The Mona Lisa, is it The Right Smile?

mona-lisa-pradoEvery year, about 6 million people visit the Louvre to see Da Vinci’s famous portrait, the Mona Lisa.  Dr. ZoAnna Scheinfeld just visited it this summer.  And she can attest that for centuries since 1508, Da Vinci’s ingenuity and talent have sparked well deserved debates and a multitude of theories attempting to uncover the mysteries behind the famous Mona Lisa smile.

The enigmatic smile has been the source of inspiration for many and a cause for desperation in others. The French artist Luc Maspero jumped four floors to his death from a hotel room in Paris in 1852. In his suicide note he explained that he preferred death to living without understanding the mystery behind her smile. Obviously, the right smile can be quite powerful.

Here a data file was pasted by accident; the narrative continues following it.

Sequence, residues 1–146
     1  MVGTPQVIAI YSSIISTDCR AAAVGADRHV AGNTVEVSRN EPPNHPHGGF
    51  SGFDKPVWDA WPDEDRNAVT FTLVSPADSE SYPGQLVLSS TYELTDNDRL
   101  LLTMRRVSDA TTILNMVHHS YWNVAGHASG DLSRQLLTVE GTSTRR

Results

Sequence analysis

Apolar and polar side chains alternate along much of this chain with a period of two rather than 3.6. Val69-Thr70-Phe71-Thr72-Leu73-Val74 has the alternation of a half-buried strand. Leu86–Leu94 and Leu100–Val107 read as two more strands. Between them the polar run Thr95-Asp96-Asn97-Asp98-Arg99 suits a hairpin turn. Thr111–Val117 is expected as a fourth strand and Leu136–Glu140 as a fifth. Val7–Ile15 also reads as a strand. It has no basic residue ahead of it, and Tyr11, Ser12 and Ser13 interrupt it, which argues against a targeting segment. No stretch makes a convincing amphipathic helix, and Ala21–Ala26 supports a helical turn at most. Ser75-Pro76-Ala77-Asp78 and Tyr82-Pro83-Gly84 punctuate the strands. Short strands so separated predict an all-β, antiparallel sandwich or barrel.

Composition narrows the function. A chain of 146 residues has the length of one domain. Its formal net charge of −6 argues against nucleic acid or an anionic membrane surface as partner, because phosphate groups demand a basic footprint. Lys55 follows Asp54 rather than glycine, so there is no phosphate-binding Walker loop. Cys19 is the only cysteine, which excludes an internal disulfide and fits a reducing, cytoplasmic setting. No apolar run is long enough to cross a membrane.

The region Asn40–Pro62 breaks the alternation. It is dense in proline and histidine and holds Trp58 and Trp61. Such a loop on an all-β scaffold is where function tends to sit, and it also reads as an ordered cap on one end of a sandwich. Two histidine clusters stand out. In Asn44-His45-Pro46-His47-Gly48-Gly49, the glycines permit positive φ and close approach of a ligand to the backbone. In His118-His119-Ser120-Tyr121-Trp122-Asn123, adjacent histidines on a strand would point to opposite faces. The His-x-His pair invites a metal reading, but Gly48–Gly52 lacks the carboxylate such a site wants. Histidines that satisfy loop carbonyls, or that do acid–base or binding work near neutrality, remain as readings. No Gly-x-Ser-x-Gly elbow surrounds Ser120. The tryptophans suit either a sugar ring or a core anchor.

When discussing the mystery behind the smile, art experts often refer to a painting technique developed by Da Vinci known as sfumato.  In Italian, sfumato means “vanished” or “smoky”, implying that the portrait of the Mona Lisa is ambiguous and blurry, leaving its interpretation to the eye of the beholder. This technique relies on a true understanding of light and nature, using a subtle blend of tones and colors to produce the illusion of form, depth and volume.  Welcome to the world of prosthodontics and a multi-specialty practice.

If we can be of service to you or your family please give us a call.

Novy Scheinfeld, DDS, PC

Right Smile Center, LLC

290 Carpenter Drive, 200A

Atlanta, GA 30328

404-256-3620

info@rightsmilecenter.com

www.rightsmilecenter.com

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